Monday, December 3, 2007

A Zombie’s Inquiry Into the Evolution of his Most Favorite Meal III: What are Humans Good at?

Except running away from poor, starving zombies, that is (– the Selfish Bastards!)

A while back Juan Uarigerika wrote an article in Seed magazine about language evolution. In it he proposed that maybe language is responsible for most of our especially human intelligence, as well as precursor for our more advanced sensorimotor capacities, and that in the end it could turn out that research into our cognitive architecture would come up with the formula ‘Finch + Chimp = Human.’ Uarigerika’s article is written, for a magazine, so it’s clear that he doesn’t really do much in order of presenting evidence and arguments in a really ‘scientific’ way but rather presents his ideas in a in a popular style, but still I think his proposal is quite problematic (Mark Liberman has written a nice rebuttal of Uarigerika’s reductionsit view over at Language Log)

funny pictures
moar funny pictures

A better way to study the differences between human and animal cognition effectively is to compare differences and similarities of certain cognitive traits and analyze how these may come about and how the cognitive function in question is enabled in the given organism.
In a massive comparative study, Hermann et al. (2007) had Chimpanzees, Orangutans and 2.5 year-old children perform various task and then evaluated and compared the species’ qualitatively differing performances. The tasks were divided into two “domains”, physical and social, each consisting of three “scales” (physical: space, quantitiy, causality; social: social learning, communication, theory of mind). Among the 20 tasks there were such things as “using a stick in order to retrieve a reward which is out of reach.” (causality), “Locating a reward.“ (space), “Solving a simple but not obvious problem by observing a demonstrated solution” (social learning), “Following an actor’s gaze direction to a target” or “Understanding what an actor intended to do (unsuccessfully” (both Theory of Mind).

On average, the results of humans and chimpanzees were very similar in the physical domain, and scored much higher than the orangutans. In the social domain, however, humans outperformed chimpanzees and orangutans by far. The non-human apes were right only half as often as the human children. This means that chimpanzees outcompete orangutans when it comes to things as causal reasoning and quantities, but are equally bad at imitating others or assessing their intentions. Whereas in the physical tasks chimps sometimes performed better than humans (e.g. Tracking of a reward after location changes or Using a stick in order to retrieve a reward which is out of reach, something where human children performed much worse than both chimps and orangutans), interestingly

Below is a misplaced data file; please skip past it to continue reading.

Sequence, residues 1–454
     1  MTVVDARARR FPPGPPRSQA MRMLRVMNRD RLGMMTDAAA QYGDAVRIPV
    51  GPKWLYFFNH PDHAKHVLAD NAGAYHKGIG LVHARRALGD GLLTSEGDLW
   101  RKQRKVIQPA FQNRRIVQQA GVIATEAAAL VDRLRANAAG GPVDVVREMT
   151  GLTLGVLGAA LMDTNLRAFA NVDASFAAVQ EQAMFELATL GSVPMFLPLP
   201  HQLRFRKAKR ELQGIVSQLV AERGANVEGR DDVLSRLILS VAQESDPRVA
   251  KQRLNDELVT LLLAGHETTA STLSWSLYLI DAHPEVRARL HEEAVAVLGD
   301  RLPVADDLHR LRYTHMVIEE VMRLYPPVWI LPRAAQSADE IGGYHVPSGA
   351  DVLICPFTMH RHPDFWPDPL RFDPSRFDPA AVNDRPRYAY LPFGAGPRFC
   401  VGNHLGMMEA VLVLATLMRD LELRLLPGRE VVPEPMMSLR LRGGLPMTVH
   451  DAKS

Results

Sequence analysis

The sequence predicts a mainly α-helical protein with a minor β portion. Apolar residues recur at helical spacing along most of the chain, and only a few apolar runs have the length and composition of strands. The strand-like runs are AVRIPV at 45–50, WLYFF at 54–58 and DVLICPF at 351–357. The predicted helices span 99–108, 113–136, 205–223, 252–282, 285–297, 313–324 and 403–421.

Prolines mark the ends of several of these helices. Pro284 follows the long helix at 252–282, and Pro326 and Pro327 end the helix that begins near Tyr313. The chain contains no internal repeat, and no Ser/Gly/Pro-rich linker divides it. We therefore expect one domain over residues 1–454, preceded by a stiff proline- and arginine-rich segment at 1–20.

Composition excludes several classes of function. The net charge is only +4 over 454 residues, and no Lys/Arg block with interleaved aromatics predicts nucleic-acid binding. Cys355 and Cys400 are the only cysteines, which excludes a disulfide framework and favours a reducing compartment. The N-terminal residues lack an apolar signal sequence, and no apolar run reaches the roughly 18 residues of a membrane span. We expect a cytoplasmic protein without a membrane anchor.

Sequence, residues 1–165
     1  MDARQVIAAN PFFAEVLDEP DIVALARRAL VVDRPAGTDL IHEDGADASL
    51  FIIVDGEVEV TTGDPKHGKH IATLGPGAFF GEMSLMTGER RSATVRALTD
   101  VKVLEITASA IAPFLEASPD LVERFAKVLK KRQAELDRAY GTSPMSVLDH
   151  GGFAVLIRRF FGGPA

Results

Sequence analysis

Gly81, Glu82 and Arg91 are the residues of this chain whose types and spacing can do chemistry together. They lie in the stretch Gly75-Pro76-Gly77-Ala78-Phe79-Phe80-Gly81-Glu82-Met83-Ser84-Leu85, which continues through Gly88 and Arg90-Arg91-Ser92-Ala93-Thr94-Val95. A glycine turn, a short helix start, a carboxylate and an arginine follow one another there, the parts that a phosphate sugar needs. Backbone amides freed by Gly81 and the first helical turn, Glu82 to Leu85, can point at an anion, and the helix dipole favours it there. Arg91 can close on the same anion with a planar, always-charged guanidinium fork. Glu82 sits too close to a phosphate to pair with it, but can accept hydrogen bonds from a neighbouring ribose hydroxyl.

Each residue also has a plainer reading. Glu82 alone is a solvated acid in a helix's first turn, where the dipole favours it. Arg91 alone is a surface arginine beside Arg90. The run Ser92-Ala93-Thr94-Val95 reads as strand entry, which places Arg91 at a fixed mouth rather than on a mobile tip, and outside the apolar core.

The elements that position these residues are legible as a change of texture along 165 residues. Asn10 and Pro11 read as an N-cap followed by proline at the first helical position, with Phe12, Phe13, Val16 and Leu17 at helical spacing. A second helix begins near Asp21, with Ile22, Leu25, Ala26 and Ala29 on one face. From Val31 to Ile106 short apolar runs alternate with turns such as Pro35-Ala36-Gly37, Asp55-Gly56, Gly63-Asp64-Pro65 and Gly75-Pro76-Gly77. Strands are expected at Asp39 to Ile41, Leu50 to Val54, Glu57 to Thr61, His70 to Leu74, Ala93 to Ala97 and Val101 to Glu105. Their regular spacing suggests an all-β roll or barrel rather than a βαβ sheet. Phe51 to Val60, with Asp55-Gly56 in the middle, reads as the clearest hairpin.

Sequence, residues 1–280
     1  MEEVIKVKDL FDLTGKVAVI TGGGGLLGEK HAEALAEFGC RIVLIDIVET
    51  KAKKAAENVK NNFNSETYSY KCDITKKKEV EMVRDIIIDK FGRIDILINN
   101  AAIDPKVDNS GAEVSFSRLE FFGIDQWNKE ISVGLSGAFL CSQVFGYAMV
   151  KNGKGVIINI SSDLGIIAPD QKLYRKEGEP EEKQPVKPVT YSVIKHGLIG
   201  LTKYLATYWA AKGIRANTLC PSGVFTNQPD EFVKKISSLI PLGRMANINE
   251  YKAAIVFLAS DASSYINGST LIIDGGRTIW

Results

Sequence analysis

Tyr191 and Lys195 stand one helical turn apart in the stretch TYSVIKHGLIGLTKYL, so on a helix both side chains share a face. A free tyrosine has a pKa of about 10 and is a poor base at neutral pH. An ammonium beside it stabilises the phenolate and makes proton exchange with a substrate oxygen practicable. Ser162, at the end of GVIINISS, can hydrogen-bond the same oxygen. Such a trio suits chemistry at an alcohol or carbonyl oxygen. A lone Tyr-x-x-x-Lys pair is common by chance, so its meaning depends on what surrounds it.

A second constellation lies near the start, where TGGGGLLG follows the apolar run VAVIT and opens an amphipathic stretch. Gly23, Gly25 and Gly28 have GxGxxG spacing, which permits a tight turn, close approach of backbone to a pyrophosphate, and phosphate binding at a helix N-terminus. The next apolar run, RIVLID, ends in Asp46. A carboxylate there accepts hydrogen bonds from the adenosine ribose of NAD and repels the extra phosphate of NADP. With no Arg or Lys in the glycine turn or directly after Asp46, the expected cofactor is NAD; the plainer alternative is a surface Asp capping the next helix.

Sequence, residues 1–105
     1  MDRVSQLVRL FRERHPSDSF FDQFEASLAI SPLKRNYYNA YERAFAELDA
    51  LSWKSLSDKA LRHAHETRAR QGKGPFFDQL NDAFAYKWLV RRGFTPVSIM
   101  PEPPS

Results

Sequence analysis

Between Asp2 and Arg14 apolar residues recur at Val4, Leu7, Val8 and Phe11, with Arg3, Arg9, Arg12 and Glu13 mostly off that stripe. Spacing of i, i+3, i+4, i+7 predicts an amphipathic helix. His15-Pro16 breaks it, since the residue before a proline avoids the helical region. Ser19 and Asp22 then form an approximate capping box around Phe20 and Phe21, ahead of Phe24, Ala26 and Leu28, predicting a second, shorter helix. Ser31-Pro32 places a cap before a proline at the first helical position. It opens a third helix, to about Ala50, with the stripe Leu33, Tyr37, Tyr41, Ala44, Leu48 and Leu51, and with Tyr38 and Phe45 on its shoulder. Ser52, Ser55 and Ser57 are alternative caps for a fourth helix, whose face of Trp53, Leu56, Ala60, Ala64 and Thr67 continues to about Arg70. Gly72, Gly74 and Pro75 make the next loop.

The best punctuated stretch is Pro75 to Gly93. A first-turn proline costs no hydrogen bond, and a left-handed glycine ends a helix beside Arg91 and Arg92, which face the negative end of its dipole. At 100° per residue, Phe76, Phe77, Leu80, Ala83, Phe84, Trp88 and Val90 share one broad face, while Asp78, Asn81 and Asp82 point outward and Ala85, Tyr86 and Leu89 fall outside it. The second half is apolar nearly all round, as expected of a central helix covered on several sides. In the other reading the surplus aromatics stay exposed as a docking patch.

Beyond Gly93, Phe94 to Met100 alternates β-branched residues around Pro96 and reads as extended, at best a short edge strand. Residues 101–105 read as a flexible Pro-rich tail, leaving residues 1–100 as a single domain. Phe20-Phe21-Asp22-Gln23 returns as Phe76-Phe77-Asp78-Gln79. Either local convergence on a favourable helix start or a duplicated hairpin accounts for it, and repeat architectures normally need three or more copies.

“Children were better than both ape species at the three causality tasks in which a judgment must be made before manipulation or choice, whereas chimpanzees were better than children and orangutans at the one causality task involving active tool use.” (Hermann et al. 2007:1362)
as well as in regard to inhibitory control, which could partly be due to the prominence and dominance of prefrontal circuitry in the human brain and its importance in cognitive control— “the ability of the brain to coordinate processing mong its millions of neurons in order to direct them toward future goals.” (Miller et al. 2002: 1131) — which I alluded to in my earlier posts.

Chimps and orangutans both performed a little better than human children when it came to “Producing communicative gestures in order to retrieve a hidden reward.”, which was the only social domain task in which the difference between the human and non-human primates wasn’t significant. The authors conclude that
“the current results provide strong support for the cultural intelligence hypothesis that human beings have evolved some specialized social-cognitive skills (beyond those of primates in general) for living and exchanging knowledge in cultural groups: communicating with others, learning from others, and “reading the mind” of others in especially complex ways“ (Hermann et al. 2007: 1365).
But they caution against the conclusion that social intelligence as a whole, or a “Theory of Mind-module” is the distinctive property separating humans, chimps and orangutans. Instead, taking into account that human children were better than chimps in causality tasks that didn’t include the active manipulation of tools, they speculate that
“what may be distinctive is the ability to understand unobserved causal forces in general, including (as a special case) the mental states of others as causes of behavior. Even in this case, however, it is a plausible hypothesis that understanding hidden causal forces evolved first to enable humans to understand the mental states of other persons, and this generalized only later to the physical domain.”
Which fits well with the evidence that humans are especially good at displaced mental and conceptual simulation (Miller et al. 2002, Barsalou 2005) and such things as mental time travel (Gilbert & Wilson 2007).
In my next post I will expand a bit on complementary approaches to comparing human and other non-human primate cognition and differences in general.


Barsalou, Lawrence W. 2005. “Continuity of the conceptual system across species.” Trends. Cog. Sc. 9.7: 309-311.

Gilbert, Daniel T. and Timothy D. Wilson. 2007. “Prospection: Experiencing the Future.” Science 317: 1351-1354.

Hermann, Esther Josep Call, María Victoria Hernández-Lloreda, Brian Hare, and Michael Tomasello. 2007. “Humans Have Evolved Specialized Skills of Social Cognition: The Cultural Intelligence Hypothesis” Science 317: 1360-1366.

Miller, Earl K., David J. Freedman and Jonathan D. Wallis 2002. “The Prefrontal Cortex: Categories, Concepts and Cognition.” In: Phil. Trans. R. Soc. Lond. B 357: 1123–1136

No comments: